NYC Mayor promises crackdown on "illegal guns"

AP Photo/Brittainy Newman

New York City Mayor Eric Adams, a former NYPD officer, says his administration is going after those carrying guns illegally in the city, and is bringing back a plainclothes unit focused on arresting offenders that was shut down by then-mayor Bill de Blasio in 2020. The move may prove to be politically popular among New York City residents (the vast majority of whom aren’t gun owners, either legally or illegally), but as public defenders in the city have recently argued, thanks to the city and state’s subjective “may issue” carry laws, many people arrested for illegally carrying a gun in the city aren’t exactly hardened and violent criminals.

Adams campaigned on returning plainclothes officers to the streets, and the idea has catapulted to the top of his priorities in recent days, with two NYPD officers shot on Friday night and violent crime seen as a top concern of voters. Still, as the city’s public defenders have argued, going after “illegal guns” while New York City makes it impossible for the average citizen to legally carry one means that a lot of folks with no history or predilection towards violent crime could end up being labeled “violent felons” simply for bearing arms without a government permission slip.

In firearm-possession cases, New York’s penal law sweeps broadly. If a firearm is not literally loaded, but ammunition is “possessed … at the same time,” the penal law defines the firearm as “loaded,” anyway. If a firearm is located anywhere in a car other than “upon [a] person,” the penal law presumes that “all persons” in the car possess it. And if a person possesses a firearm without a license, the penal law presumes they possessed it with the “intent to use [it] unlawfully against another.” These broad laws make every simple possession case a “violent felony,” even reaching people who did not actually intend to possess a loaded firearm at all.

New York’s system runs in the name of safety, but simply making firearm possession unlawful is not itself safe. The license requirement damages real people forever. Our clients are psychologically traumatized and physically threatened by police invading their homes executing search warrants. They are caged pretrial at Rikers in what is now acknowledged to be a humanitarian crisis. They lose their jobs, children, and immigration status, risking increased ICE enforcement. They are sent to prison. And they are forever branded as “criminals,” or worse, “violent felons.” The victims of this system include Victor Mercado, whom police arrested this summer after they allegedly found a handgun in his car. Unable to pay the $100,000 bail that a Bronx judge set, Mercado contracted COVID-19 at Rikers. Last week, he died.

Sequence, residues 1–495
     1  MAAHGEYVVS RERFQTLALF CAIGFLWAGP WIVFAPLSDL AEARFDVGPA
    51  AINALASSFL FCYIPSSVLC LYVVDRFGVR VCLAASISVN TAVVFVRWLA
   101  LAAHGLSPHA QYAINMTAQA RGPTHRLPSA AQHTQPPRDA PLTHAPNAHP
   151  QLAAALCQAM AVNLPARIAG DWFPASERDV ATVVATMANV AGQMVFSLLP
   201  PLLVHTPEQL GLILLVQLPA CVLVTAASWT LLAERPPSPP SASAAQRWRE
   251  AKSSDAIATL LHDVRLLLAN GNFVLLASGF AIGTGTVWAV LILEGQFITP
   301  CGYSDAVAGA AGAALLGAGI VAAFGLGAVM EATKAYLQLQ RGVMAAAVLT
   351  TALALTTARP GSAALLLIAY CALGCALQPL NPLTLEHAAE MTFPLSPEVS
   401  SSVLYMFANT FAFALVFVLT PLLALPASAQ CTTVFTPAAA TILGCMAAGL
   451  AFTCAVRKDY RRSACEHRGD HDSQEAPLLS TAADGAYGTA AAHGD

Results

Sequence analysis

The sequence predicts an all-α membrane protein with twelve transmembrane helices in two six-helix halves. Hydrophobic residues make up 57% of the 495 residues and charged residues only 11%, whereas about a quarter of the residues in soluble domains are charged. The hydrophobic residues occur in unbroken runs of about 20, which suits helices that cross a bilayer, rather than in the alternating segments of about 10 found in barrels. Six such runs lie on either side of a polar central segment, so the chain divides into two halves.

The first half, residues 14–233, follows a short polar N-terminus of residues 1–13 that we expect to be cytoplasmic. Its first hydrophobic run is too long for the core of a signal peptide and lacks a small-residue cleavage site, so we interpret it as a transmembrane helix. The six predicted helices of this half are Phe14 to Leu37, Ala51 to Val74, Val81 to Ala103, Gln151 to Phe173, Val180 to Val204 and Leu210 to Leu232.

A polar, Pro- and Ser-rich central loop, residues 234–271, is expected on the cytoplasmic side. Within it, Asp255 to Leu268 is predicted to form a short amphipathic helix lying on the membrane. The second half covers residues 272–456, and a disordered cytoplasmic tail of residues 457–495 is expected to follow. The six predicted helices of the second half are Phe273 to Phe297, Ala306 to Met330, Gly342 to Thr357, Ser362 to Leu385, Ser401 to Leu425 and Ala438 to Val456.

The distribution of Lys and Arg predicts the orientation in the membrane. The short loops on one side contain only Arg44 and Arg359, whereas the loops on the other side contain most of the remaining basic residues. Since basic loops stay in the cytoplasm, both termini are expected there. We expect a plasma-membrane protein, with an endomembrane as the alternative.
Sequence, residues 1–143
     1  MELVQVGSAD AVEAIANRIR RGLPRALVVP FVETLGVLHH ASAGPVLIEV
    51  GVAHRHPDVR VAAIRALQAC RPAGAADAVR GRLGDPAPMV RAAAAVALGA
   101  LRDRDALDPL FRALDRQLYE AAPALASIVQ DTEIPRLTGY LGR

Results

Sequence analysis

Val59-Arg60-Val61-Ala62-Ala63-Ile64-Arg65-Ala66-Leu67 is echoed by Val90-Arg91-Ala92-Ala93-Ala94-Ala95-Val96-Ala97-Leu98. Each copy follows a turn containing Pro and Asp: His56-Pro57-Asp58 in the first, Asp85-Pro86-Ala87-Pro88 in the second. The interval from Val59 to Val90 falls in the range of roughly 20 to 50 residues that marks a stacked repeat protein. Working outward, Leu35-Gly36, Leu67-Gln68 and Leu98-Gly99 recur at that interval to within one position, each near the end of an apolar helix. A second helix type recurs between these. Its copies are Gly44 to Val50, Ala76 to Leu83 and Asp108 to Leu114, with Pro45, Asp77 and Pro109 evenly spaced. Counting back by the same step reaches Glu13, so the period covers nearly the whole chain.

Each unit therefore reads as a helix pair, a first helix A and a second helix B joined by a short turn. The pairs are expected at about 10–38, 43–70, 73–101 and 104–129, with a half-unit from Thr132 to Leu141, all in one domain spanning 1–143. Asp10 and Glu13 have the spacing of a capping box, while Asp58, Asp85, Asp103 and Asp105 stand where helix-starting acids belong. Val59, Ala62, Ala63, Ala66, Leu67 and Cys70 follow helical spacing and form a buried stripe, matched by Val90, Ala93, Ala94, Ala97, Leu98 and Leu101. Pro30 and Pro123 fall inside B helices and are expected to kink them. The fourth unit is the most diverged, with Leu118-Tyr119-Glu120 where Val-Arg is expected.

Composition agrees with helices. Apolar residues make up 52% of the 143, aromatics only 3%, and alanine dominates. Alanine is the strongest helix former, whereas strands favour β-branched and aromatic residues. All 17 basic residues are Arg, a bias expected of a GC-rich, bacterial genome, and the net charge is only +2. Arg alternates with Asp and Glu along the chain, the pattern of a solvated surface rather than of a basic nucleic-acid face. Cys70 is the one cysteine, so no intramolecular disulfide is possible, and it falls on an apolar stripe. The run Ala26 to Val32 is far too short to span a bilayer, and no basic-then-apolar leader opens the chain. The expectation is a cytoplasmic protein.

The licensing system isn’t broken. It’s fundamentally flawed; designed to be arbitrary and capricious in order to prevent the average citizen from exercising their right to bear arms. As the public defenders point out:

the licensing structure allocates total and unilateral discretion to the NYPD to decide whose firearm possession is lawful and whose is a “violent felony.” It charges hefty fees, disproportionately burdening indigent people. And it results in a wildly disparate allocation of licenses, unsurprisingly favoring people who are associated with the police. No part of this gatekeeping structure is consonant with a fundamental constitutional right.

Eric Adams needs to get a handle on New York’s violent crime, but as long as people can be turned into violent felons simply for carrying a gun for self-protection, I’m concerned that his new and “improved” plainclothes units are still going to be prioritizing generating large numbers of arrests without giving much attention or thought to focusing on arresting the most violent and prolific offenders. The Supreme Court’s pending decision in New York State Rifle & Pistol Association v. Bruen should provide New Yorkers with some relief when it comes to exercising their Second Amendment rights, but for the time being Adams’ crime fighting plans are likely going to ensnare at least as many non-violent, possessory offenders as truly violent criminals. New York City needs a better strategy, but it also needs better laws in place that actually recognize the right of the people to both keep and bear arms in self-defense.